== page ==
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Bible Commentaries
1 Kings 20

Whedon's Commentary on the BibleWhedon's Commentary

Verse 1


1. Ben-hadad the king of Syria He reigned at Damascus, and was probably son of the king of the same name whom Asa hired with the treasures of the temple to smite the cities of Israel, and trouble king Baasha. 1 Kings 15:18-20.

Thirty and two kings Not confederate kings of neighbouring independent nations, but vassal kings, or lords of single cities and their surrounding country, which were tributary to Ben-hadad. 1 Kings 20:24 shows the power and authority Ben-hadad wielded over them.

Horses and chariots Many of the latter had probably been obtained from Egypt in the days of Solomon. 1 Kings 10:29.

Verse 3

3. Thy silver and thy gold is mine This demand was somewhat ambiguous and uncertain, and Ahab seems to have understood it as merely a proposition of Ben-hadad to raise the siege and go away from Samaria on condition of receiving certain amounts of gold and silver, and the goodliest of his wives and children, leaving Ahab to make the selection.

Verse 4

4. I am thine, and all that I have He pusillanimously agrees to make himself and his whole kingdom tributary to Ben-hadad.

Verse 5

5. The messengers came again Either Ahab has misunderstood the meaning of his former message, or else the king of Syria is emboldened by the pusillanimity of Ahab to make a stronger demand.

Verse 6

6. I will send my servants To this humiliation Ahab will not submit. He will allow no searching of his palace and his city by foreign emissaries, and no violent seizure of any of his goods, for this would be the same as to let the enemy come in and freely plunder all Samaria.

Verse 7

7. Seeketh mischief Has his heart set on bringing disastrous evils on this kingdom.

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Verse 10

10. If the dust of Samaria shall suffice for handfuls That is, I will bring such a host that all the dust of the city of Samaria will not be sufficient to give each soldier a handful. This threat involved the idea of reducing the entire city to dust and ashes. Some have incorrectly taken שׁעלים , handfuls, to mean soles of the feet, and have explained: The dust of Samaria will not be sufficient room for the soles of the feet of the multitude of soldiers. Josephus explains it that Ben-hadad threatened to bring so vast an army that, by only each man of his army taking a handful of earth, they would raise a mound higher than the walls of Samaria. But this has no support in the Scripture text.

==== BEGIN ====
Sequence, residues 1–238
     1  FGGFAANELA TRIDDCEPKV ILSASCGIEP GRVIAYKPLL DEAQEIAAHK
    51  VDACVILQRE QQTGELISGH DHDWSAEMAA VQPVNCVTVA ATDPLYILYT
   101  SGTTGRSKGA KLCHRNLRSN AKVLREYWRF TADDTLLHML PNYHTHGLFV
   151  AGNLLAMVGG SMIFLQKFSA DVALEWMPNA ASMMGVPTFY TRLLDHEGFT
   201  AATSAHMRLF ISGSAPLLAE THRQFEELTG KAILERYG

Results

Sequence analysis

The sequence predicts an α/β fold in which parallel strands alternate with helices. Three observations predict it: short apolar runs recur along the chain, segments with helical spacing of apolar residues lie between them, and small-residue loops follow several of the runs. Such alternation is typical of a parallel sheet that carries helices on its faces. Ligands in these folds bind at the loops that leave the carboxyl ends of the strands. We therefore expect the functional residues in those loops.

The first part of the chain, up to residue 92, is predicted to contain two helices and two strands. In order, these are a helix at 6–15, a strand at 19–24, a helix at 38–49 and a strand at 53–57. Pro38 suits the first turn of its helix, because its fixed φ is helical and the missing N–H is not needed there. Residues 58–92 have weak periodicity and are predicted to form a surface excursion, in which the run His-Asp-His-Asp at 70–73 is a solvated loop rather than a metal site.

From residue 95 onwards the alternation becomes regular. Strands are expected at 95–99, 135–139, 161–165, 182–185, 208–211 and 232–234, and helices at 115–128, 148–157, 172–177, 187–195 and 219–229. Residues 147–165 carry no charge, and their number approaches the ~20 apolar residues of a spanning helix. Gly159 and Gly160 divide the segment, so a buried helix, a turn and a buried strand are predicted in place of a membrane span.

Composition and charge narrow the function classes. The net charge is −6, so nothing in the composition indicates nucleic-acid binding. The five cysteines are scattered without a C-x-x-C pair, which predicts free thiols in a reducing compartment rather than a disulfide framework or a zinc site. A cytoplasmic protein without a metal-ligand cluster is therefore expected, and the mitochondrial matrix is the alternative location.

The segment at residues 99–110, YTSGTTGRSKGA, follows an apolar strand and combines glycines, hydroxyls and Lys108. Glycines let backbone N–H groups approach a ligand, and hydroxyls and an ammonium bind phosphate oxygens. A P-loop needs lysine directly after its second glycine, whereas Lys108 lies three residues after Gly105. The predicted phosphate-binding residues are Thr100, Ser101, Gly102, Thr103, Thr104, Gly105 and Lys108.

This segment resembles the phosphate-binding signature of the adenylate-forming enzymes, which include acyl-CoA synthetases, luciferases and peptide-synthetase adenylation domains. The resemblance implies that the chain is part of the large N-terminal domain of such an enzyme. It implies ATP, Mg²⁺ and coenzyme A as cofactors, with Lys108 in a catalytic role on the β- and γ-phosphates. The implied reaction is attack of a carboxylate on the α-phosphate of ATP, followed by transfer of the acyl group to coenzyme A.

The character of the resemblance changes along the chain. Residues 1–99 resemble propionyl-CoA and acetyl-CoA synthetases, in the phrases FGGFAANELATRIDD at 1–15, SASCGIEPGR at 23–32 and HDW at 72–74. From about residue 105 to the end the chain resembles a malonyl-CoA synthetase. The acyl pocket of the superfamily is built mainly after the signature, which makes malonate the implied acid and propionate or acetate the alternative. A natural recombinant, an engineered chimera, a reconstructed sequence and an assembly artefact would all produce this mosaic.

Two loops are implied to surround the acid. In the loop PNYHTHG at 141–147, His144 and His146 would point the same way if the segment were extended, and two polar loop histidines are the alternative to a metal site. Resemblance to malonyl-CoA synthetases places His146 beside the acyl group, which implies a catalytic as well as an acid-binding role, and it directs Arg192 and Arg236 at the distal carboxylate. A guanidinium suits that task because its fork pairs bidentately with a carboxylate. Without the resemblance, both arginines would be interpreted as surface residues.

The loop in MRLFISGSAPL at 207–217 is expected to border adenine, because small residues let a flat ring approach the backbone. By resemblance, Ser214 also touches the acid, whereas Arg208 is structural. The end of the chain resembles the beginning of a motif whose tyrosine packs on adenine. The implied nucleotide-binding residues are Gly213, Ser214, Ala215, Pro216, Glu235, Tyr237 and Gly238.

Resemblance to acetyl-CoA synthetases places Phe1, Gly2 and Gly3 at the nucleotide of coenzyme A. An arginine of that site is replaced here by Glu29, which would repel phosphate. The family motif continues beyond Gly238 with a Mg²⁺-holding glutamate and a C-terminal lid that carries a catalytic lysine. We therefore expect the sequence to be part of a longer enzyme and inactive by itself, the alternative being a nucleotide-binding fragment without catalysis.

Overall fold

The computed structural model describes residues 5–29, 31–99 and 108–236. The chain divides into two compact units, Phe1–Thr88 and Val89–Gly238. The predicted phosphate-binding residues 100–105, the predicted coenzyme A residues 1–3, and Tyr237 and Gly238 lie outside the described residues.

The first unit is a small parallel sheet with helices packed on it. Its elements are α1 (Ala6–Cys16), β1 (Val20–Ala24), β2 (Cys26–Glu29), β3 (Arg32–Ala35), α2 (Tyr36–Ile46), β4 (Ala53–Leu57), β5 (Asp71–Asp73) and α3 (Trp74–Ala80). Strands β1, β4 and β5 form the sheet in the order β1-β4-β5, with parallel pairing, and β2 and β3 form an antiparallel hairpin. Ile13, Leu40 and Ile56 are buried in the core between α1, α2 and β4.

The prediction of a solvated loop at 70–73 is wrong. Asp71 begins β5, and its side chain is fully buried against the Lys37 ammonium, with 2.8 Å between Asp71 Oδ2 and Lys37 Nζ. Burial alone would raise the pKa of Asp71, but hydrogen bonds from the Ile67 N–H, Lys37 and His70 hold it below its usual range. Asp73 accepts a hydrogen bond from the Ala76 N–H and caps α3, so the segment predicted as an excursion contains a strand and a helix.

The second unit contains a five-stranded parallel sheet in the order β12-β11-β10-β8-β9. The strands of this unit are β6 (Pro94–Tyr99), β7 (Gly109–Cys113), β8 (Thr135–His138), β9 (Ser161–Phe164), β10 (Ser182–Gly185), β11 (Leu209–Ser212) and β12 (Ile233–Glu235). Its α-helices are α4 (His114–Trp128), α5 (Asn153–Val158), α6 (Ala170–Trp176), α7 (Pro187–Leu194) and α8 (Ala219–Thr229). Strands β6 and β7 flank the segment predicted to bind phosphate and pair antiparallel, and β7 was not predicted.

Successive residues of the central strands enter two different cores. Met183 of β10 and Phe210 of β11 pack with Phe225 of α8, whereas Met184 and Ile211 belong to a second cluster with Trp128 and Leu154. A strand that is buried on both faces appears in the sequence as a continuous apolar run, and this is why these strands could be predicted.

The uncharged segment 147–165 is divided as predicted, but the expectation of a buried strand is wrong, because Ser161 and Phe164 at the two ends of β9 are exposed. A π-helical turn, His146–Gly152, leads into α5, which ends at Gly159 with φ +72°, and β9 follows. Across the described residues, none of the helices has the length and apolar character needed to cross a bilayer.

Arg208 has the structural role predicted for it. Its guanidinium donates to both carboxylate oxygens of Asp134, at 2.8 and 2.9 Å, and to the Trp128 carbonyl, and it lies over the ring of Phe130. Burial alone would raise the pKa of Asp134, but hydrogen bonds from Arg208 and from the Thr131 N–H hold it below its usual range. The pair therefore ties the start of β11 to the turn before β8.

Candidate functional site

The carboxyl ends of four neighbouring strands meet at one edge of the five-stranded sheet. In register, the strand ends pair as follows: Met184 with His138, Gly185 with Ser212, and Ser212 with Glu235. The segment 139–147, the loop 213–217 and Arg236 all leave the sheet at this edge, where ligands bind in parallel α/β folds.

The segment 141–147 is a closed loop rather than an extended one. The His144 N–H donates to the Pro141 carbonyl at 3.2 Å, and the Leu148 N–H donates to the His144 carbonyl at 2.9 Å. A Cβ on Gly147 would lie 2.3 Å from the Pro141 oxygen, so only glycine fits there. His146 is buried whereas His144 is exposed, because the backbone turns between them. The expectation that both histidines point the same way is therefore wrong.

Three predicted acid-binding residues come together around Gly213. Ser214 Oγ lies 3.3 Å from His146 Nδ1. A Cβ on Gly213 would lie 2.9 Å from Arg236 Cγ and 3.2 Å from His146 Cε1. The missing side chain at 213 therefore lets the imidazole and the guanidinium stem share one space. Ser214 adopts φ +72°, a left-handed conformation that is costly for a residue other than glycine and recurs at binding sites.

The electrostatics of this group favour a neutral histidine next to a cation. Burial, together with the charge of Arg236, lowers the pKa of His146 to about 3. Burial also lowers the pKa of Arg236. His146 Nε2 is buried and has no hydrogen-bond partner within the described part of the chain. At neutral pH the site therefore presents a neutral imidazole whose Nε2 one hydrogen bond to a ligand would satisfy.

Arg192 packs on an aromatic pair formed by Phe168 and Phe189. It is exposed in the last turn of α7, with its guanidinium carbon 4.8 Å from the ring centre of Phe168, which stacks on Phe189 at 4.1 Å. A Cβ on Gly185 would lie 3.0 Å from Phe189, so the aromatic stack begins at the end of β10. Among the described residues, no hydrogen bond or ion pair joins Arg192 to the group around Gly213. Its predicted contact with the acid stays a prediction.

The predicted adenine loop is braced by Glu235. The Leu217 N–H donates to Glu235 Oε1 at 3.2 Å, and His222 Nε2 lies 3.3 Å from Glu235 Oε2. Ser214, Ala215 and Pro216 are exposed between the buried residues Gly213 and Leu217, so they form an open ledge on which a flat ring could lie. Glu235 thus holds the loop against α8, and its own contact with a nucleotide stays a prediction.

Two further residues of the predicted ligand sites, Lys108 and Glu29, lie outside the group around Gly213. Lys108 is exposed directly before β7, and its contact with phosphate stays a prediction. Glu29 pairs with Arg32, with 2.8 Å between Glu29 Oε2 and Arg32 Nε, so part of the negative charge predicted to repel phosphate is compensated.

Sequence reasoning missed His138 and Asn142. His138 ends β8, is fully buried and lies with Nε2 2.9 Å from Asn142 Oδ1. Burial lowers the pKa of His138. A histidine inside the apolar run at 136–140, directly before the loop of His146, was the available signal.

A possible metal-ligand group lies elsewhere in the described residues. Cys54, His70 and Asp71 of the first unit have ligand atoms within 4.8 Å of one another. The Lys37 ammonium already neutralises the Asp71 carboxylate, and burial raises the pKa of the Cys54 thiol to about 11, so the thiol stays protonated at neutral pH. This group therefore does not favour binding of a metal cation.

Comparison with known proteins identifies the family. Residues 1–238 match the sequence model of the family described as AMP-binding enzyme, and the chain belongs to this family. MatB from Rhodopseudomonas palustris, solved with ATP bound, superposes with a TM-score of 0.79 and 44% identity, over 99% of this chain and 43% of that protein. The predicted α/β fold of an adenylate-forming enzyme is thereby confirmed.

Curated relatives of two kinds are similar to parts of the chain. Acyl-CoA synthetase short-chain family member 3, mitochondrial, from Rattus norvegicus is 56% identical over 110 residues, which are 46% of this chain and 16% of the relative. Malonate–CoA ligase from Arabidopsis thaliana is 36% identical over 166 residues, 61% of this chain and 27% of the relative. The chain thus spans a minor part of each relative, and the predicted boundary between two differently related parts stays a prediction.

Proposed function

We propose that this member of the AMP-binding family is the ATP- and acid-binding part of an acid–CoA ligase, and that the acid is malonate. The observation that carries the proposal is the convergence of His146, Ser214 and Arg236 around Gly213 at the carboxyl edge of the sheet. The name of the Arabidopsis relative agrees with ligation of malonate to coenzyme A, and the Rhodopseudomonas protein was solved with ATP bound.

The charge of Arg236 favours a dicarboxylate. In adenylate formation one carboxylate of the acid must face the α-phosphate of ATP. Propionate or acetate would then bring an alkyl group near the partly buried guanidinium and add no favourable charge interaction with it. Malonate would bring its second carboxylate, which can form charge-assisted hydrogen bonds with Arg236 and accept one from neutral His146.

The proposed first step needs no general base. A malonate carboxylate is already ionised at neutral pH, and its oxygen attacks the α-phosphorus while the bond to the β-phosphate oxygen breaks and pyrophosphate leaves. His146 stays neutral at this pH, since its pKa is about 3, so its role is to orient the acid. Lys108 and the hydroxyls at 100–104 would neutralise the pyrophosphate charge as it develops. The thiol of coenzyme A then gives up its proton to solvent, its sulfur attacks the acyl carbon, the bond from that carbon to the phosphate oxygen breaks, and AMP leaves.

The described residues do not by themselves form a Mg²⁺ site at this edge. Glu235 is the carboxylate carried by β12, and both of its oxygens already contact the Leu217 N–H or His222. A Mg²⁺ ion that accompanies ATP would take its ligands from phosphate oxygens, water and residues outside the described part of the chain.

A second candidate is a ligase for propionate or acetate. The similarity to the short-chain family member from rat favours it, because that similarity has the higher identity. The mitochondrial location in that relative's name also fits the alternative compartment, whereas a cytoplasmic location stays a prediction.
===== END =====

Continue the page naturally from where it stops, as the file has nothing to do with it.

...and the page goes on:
Verse 11

11. Let not him that girdeth on his harness boast This is a proverb whose force and aptness in this case was clear. Thus the Romans say: “Sing not the triumphal song before the victory.” Our translators supply harness where, perhaps, armour would be a better word, and better still to supply nothing, but render: Let not him that girds himself boast like one that ungirds. The military girdle is frequently alluded to in Scripture, and its use is shown in the annexed cut. It was not a mere sword-sash, but served also both to sustain and defend the body.

Verse 12

12. Pavilions War tents, covered either with canvass or with the boughs of trees.

Verse 13

13. There came a prophet From one of the schools of the prophets, sent, probably, by Elijah. Compare 1 Kings 20:35.

Verse 14

14. Young men of the princes of the provinces These princes of the provinces were the local governors of the several districts in the kingdom, who had been called into Samaria by order of the king to help defend the city against Ben-hadad. Their young men were their servants or attendants. Jehovah will show Ahab, and also Ben-hadad, that “the battle is not to the strong,” and these two hundred and thirty-two youths shall be mightier than the boasted numbers of the king of Syria.

Who shall order the battle Literally, Who shall bind on the battle? That is, Who shall begin the fight?

Verse 15